A Noteworthy Winery Becomes One With The Landscape

Founded in 2012, Gurdau Winery planted its first vines on the slopes above the village of Kurdějov- historically one of the most important wine suppliers to the townspeople of Mikulov and Brno, as well as to the aristocratic courts in Moravia. By adopting the historical name of the village, the young Gurdau Winery claimed the great wine-growing heritage of the area. Now, with a brand new wine house courtesy of Aleš Fiala, they’re modernizing that legacy while still paying homage to those historic fields.

A Ripple in the Landscape
The initial ideas for the wine house considered the most operationally efficient location, literally in the centre of the vineyards. This is both purposeful and poetic, as it steps back from the village and offers soothing and enchanting views. To do so, the building’s location in the open countryside naturally brought with it high demands for architectural and landscape integration. The landscape context is addressed in the form of a gentle curve – a wave in the landscape, a hill between hills. Great care has been taken to incorporate the building into the terrain and its connection to the cultural and natural greenery. The roof of the curve is designed as an extensive green, and the surrounding area of the building has been planted with 150 shrubs and mature trees, often growing through the “perforated” roof. The overall impact and benefit of the new greenery on both the landscape and the building will only become apparent as the years go by.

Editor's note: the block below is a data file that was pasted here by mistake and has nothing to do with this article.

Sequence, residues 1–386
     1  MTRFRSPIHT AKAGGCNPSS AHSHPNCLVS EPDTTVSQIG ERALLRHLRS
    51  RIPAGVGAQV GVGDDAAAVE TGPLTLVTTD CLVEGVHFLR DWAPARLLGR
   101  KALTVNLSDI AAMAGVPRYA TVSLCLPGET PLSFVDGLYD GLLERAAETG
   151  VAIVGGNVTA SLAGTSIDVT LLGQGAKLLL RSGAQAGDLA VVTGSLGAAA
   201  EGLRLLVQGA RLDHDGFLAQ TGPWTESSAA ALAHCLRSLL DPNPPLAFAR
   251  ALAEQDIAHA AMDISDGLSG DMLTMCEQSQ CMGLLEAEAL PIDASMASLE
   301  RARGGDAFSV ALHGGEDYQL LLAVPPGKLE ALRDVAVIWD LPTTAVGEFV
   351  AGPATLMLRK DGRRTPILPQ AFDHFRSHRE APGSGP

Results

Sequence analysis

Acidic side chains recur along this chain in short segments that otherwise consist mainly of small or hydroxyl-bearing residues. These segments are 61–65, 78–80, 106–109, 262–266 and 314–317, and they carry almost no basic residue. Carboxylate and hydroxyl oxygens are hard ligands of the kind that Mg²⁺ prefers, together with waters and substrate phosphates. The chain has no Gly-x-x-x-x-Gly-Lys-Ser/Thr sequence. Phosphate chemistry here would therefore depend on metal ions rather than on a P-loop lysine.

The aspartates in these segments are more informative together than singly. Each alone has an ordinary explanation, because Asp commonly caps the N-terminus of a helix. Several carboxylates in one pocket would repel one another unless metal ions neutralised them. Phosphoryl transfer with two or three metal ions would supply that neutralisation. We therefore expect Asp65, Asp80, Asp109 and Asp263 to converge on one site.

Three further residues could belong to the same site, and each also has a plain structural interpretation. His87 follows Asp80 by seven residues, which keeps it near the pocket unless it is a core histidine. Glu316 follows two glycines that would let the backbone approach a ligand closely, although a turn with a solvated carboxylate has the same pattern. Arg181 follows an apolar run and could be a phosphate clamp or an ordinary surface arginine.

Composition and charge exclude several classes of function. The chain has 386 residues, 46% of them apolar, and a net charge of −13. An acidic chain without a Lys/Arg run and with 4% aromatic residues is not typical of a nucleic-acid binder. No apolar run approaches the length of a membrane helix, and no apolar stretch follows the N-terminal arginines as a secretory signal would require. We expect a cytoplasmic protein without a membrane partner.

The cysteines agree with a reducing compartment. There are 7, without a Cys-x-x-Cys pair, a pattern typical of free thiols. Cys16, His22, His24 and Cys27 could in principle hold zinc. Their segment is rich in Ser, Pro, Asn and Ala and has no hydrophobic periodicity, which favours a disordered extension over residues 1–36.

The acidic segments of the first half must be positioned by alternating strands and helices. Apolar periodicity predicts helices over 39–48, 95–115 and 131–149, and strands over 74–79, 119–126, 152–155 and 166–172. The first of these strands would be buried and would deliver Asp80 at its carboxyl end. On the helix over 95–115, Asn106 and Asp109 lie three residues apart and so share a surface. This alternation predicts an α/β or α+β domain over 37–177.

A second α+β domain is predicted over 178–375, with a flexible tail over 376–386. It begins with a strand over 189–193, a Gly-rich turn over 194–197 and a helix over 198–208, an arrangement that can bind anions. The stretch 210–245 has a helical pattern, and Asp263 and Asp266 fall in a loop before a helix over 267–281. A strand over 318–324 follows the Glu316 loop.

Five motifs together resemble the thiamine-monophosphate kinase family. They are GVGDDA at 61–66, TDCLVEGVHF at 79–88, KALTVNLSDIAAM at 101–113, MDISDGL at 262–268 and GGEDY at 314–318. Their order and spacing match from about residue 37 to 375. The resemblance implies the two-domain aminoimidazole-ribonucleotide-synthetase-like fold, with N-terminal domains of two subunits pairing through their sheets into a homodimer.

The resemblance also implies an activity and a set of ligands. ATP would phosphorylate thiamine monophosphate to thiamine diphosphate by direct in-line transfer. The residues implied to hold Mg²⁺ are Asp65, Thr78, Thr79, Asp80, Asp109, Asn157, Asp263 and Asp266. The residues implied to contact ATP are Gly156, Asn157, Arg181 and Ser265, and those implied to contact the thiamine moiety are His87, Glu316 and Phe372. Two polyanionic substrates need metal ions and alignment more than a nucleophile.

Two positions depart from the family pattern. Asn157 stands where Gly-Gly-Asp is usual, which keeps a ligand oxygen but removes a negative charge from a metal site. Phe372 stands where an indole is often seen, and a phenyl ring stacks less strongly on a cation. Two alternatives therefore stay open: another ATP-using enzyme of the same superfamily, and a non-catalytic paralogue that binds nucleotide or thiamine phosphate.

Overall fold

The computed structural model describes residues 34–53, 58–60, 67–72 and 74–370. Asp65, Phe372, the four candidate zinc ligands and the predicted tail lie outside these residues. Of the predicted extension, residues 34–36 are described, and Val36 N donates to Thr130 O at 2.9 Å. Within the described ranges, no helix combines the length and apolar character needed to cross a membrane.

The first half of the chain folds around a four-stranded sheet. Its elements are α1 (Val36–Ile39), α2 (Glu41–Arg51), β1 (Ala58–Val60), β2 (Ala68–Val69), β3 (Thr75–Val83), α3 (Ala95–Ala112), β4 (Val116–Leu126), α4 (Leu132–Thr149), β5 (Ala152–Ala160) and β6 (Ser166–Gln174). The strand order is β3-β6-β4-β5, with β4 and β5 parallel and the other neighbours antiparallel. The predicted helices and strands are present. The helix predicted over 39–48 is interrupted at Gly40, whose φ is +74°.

Organic Architecture
The building itself is built in reinforced concrete, two stories high. The underground part is used for producing, storing, and archiving wine. The ground floor is used for tasting, seating, and sales. Two apartments are available for occasional overnight stays.

The building’s in-ground setting is traditional for the winery, and its concept is utterly contemporary and timeless. The atmosphere of the setting is based on an experience of beauty, refinement, and absolute comfort. The use of materials such as exposed concrete, glass, metal, oak and acacia wood is clean and direct and supports the organic form of the building. At the same time, the utmost attention is paid to precision craftsmanship and detail.

The direct contact with the landscape, enabled by large expanses of glazing, generous terraces, and a pitched roof, brings a variety of natural moods and seasons to the experience of the space.

Photography by BoysPlayNice.

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